In the middle of a snowstorm in downtown Vancouver, Canada, a man dressed as a mariachi makes his way as he carries his guitar case. “Cold, rain and even snow … Mariachi prevails!” Wrote Canadian photographer Cameron Frazier on his Instagram account (@bananacamphoto). The image was taken up by various Canadian media and it was shared on Twitter more than 4,000 times in the first 24 hours after its publication.
Look what a nice photo a local media published in Vancouver, a mariachi who goes to work in the middle of a very heavy snowfall in the historic center of the city 🇲🇽 pic.twitter.com/JmQvFzlmQO
– Ana Isabel (@AnaIsabelZepeda) January 16, 2020
On Wednesday afternoon, the city was shaken by heavy snow gusts that kept several streets closed. “Out of nowhere, the mariachi happened,” Frazier tells Verne, via email. “It caught me off guard because it’s not something you see every day, especially in the snow,” he says. The photographer indicates that the contrast of the charro suit with the whiteness of the snow was what most caught his attention. “Now I see how important it is culturally,” he says. The photo was taken in front of the Steam Clock, a characteristic monument of downtown Vancouver.
The man dressed as a mariachi is Alex Alegría, a 43-year-old Mexican who has lived in Vancouver since 2000 and is the founder of the Mexican music group Los Dorados since 2003. “I didn’t realize when they took my picture,” he says. to Verne, via telephone. “I was with my group filming a promotional video and the director asked me to walk down the street,” he says.
Alegría is originally from Tuxtepec (Oaxaca) and emigrated to Canada to work in an aluminum factory in 2000. One winter afternoon that year, the Mexican felt nostalgic, so he decided to take the charro suit he gave him. his uncle before leaving. “I started singing on Robson Street dressed as a mariachi with my guitar out of nostalgia and that made me feel better,” he recalls. “Since then, I started going every day from six to eleven at night and people started giving me money and recognizing me,” he says.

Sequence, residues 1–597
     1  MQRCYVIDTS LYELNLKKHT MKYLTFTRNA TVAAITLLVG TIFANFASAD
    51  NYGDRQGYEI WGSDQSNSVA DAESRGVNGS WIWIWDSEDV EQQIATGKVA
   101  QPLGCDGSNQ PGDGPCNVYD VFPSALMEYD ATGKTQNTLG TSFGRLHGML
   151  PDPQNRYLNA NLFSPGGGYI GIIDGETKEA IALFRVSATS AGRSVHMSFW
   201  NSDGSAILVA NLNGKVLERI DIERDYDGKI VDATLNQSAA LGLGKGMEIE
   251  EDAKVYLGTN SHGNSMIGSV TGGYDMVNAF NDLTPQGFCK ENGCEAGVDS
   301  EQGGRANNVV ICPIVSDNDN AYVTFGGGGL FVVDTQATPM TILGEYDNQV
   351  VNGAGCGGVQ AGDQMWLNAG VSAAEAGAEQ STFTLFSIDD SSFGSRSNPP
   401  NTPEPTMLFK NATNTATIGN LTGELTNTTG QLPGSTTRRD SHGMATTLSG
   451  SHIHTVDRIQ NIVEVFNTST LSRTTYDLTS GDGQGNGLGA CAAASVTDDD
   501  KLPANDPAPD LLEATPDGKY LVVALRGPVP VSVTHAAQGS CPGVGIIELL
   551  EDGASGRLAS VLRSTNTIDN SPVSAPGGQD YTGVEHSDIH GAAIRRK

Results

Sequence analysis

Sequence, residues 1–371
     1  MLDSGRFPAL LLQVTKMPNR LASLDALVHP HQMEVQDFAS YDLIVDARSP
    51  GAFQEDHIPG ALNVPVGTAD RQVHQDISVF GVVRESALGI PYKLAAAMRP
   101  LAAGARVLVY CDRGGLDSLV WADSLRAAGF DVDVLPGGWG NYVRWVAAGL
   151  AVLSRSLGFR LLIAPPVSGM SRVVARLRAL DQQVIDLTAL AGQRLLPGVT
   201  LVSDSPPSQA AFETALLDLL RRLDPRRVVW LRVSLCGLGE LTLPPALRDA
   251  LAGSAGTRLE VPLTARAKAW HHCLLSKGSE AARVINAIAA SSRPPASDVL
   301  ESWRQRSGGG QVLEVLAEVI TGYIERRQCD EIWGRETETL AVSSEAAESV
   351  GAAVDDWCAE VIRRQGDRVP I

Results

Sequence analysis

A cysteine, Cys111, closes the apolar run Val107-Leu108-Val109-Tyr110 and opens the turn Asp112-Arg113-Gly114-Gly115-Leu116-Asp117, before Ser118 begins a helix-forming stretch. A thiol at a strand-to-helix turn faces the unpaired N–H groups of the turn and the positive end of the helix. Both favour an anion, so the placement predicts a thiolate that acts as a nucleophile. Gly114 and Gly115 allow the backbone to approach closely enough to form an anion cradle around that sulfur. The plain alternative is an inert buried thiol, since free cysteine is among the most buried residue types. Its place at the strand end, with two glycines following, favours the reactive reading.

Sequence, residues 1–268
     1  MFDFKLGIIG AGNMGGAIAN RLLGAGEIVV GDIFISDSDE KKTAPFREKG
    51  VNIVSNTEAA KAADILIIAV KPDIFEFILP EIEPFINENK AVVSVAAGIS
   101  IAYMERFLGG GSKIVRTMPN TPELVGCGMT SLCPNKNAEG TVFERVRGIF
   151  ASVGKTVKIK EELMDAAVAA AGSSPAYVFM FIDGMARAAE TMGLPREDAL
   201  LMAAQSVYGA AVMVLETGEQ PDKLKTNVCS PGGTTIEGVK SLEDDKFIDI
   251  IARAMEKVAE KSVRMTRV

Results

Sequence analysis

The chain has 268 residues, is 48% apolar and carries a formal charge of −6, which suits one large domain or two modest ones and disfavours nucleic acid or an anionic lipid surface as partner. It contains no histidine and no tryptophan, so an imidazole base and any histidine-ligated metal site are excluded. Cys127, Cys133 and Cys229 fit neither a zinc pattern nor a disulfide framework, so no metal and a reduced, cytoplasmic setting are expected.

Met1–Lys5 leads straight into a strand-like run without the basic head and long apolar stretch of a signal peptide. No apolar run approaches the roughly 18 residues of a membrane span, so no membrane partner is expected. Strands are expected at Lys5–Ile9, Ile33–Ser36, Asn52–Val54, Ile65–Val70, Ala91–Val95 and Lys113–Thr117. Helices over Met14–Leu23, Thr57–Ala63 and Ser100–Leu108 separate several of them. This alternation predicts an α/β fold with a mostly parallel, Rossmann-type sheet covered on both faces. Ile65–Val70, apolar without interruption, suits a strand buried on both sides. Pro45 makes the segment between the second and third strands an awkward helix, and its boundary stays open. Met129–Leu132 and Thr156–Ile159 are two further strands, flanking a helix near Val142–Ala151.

At that time I was not singing mariachi songs, but some traditional Mexican melodies. Shortly afterwards, a violinist and a trumpet player, both Canadians, joined the Mexican, dressed in a suit of lights. “One day, a Colombian suggested we play on a project and we sent out hats and light jackets, that’s how Los Dorados started,” he says.
It was the year of 2003 and their debut as a group of Mexican music was on the anniversary of the Battle of Puebla, on May 5, after rehearsing a couple of occasions. “We didn’t have sheet music, we did it by ear,” says Alegría. Today this mariachi is led by the Oaxacan and is made up of twelve people of various nationalities: a Chinese, a Taiwanese, a Pole, an Italian and a Ukrainian, among others.
That year, Alegría left his job at the factory to devote himself full time to the composition and performance of Mexican popular music. He and his group liven up the nights in a Mexican and Latin restaurant on Wednesdays and Fridays. “We also serenade, we play on birthdays and even at funerals,” he says.
His music has led him to play in the Yukon province (in northern Canada, in the Arctic Circle) and also in some festivals in Mexico. Although he has been out of his country of origin for two decades, Alegría cannot get used to the cold of the area. “One is coupling, but the sun is needed. That is why I make music to always be in contact with Mexico ”, he points out.
Despite not being a professional musician, Alegría says he is happy to share the culture of his country. “I was very pleased that the message reached so many people outside of Mexico, it is the most beautiful thing I can share,” concludes the Oaxacan.
According to the latest population census in Canada, there are more than 96,000 Mexicans living in this country, most of them in the province of Ontario and later in British Columbia, where Vancouver is located.
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